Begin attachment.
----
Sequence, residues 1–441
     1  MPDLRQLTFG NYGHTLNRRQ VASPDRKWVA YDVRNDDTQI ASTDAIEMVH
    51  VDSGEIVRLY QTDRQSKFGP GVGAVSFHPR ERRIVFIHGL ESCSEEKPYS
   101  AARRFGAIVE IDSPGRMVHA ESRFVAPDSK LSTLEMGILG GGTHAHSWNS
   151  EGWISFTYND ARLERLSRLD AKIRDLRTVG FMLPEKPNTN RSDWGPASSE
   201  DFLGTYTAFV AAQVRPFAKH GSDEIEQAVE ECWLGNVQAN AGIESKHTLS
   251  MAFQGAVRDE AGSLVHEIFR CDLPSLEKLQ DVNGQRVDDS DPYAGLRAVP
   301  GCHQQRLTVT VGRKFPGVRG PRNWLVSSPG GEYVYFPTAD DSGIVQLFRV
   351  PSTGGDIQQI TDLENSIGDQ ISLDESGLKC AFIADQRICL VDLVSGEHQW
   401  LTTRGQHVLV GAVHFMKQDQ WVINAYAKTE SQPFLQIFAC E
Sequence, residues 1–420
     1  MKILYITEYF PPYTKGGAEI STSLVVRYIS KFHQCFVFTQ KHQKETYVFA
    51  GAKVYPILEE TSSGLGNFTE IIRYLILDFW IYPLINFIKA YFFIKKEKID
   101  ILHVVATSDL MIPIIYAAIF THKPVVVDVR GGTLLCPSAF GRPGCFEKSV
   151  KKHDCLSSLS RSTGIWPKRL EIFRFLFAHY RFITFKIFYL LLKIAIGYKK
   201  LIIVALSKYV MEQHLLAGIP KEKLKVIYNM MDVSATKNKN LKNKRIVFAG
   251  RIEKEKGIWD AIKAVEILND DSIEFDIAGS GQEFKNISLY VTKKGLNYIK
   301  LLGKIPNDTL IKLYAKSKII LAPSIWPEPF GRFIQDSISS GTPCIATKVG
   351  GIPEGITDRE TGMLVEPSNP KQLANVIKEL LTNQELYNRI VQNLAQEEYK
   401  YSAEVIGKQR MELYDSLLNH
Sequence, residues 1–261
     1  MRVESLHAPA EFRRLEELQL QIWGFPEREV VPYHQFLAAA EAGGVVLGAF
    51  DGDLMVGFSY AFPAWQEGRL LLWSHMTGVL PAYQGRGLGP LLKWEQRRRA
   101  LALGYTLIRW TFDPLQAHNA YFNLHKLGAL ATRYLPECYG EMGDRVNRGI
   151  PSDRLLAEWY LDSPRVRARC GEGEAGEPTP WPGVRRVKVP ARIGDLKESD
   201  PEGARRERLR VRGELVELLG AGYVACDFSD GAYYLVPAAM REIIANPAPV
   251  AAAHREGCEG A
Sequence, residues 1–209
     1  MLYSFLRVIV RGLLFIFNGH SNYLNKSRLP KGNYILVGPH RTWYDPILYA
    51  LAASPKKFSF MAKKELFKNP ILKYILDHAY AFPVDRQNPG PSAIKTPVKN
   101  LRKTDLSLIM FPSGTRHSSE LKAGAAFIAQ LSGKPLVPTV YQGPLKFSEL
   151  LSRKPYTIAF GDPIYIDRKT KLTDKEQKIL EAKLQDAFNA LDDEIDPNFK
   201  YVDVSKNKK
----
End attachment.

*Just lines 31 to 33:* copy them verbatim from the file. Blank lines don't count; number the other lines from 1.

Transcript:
   101  LRKTDLSLIM FPSGTRHSSE LKAGAAFIAQ LSGKPLVPTV YQGPLKFSEL
   151  LSRKPYTIAF GDPIYIDRKT KLTDKEQKIL EAKLQDAFNA LDDEIDPNFK
   201  YVDVSKNKK